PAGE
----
keep on(redirected from keep on her)
1. To stay positioned on top of something. Good luck keeping yourself on that wild horse!
2. To support someone so that they stay positioned on top of something. In this usage, a noun or pronoun can be used between "keep" and "on." I'll walk beside you and keep you on the horse, don't worry.
3. To persist in doing something. I'm going to call the cops on our neighbors if they keep on making such a racket.
4. To have someone continue to work in a particular job. In this usage, a noun or pronoun can be used between "keep" and "on." I think we should keep Ellen on—she's doing a fine job with the filing.
5. To continue to monitor someone or something. Keep on this case, and let me know what you find out.
6. To fail to remove a particular clothing item. In this usage, a noun or pronoun can be used between "keep" and "on." I've kept my hat on all day to hide how bad my hair looks!
7. To turn or switch something on. Why do you insist on keeping the air conditioning on when it's 50 degrees out?
8. To constantly prompt or remind someone about something. You need to keep on him about cleaning his room, or he'll never do it.
9. To store something on something in particular. In this usage, a noun or pronoun can be used between "keep" and "on." Mom keeps the spare linens on the top shelf in her closet.
10. To keep one's vision focused on something. In this usage, a noun or pronoun can be used between "keep" and "on." Did you keep your eye on the ball as you swung the bat? If you don't keep your eyes on your own test, I'm going to assume that you're cheating.
keep someone on(something)
1. Lit. to make or help someone stay mounted on something, such as a horse, bicycle, etc. Her father kept her on the bicycle as she was learning to ride it. I couldn't keep myself on the horse.
2. Fig. to retain someone as an employee. We can't keep you on the payroll any longer. Ken could not be kept on any longer.
keep someone on
Fig. to retain someone in employment longer than is required or was planned. She worked out so well that we decided to keep her on. Liz was kept on as a consultant.
keep something on
to continue to wear an article of clothing. I'm going to keep my coat on. It's a little chilly in here. I'll keep on my coat, thanks.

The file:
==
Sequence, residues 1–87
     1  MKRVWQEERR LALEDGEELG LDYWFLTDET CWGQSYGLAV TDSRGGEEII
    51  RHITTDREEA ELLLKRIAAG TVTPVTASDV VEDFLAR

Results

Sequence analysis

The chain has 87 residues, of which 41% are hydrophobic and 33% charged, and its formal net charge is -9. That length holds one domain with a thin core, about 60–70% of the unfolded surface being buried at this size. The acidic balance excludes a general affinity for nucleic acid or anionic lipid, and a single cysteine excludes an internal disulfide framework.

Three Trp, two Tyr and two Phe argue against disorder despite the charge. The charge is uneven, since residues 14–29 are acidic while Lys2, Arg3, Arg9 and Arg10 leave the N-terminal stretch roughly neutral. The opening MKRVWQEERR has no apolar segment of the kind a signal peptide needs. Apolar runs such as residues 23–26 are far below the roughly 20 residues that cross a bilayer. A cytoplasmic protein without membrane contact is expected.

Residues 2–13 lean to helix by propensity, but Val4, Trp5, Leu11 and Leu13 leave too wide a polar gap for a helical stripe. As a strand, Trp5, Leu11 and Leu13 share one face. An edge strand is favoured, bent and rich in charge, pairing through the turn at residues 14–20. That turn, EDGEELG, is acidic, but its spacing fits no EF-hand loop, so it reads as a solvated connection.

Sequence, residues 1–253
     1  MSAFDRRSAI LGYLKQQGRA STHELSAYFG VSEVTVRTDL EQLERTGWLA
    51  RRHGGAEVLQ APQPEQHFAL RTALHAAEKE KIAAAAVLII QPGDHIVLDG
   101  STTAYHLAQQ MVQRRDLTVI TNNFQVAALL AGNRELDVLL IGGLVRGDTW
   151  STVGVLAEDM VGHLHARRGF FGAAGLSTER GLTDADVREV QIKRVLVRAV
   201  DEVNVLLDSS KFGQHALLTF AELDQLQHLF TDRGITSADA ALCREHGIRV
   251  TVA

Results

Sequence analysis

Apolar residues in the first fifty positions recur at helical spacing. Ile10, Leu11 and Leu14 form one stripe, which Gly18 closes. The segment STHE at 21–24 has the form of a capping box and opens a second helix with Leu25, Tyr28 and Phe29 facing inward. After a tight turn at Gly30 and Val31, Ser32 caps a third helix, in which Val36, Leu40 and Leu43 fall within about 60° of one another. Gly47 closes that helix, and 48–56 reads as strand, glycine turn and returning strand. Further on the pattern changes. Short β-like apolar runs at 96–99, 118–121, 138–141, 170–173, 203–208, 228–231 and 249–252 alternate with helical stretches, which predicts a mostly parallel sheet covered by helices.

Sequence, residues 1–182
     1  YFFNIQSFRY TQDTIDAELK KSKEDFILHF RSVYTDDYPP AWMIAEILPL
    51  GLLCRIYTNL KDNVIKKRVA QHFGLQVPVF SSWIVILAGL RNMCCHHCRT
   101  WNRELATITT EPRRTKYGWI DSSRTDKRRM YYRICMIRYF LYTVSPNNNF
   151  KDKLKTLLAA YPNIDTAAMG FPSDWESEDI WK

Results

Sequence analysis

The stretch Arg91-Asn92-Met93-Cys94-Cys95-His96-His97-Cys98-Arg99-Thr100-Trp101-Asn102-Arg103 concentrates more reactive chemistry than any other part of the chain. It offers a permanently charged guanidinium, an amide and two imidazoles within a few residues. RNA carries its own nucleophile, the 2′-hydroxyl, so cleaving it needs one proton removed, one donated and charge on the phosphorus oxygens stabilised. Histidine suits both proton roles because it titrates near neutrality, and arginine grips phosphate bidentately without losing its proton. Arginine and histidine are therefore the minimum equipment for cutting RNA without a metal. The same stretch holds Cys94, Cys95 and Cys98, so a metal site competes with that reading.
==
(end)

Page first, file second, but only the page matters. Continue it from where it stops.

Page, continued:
keep on someone
(about something) Go to keep after someone (about something).
keep on something
1. . and keep on Lit. to work to remain mounted on something, such as a horse, bicycle, etc. It's really hard for me to keep on a horse. It's hard to keep on when it's moving all over the place.
2. . Fig. to pay close attention to something. (See also keep on top of someone or something.) Keep on that story until everything is settled. This is a problem. Keep on it until it's settled.
(doing something) to continue to do something. Are you going to keep on singing all night? Yes, I'm going to keep on.
(one's) guard (against someone or something) Go to on (one's) guard (against someone or something).
1. Continue, persist, as in They kept on singing all night. [Late 1500s]
2. Maintain an existing situation, as in After Mr. Brown died, the housekeeper wondered if she would be kept on. [Mid-1600s]
3. Cause to stay on or remain attached, as in Keep your coat on; it's cold in here. [Late 1800s]
1. To hold or maintain something using something else as a support: I keep the peanut butter on the top shelf.
2. To hold or maintain the aim or sight of something toward some object or goal: Keep your eyes on the road when you're driving. I kept my attention on my book, despite the children's screaming.
3. To continue doing something: I was getting increasingly tired, but I kept on walking. Keep on working.
4. To have something remain operational, switched to an on position: I always keep one light on when I go to bed. The custodian keeps on the heat at night.
5. To remind someone repeatedly about something: Why do I always have to keep on you about handing your homework in on time?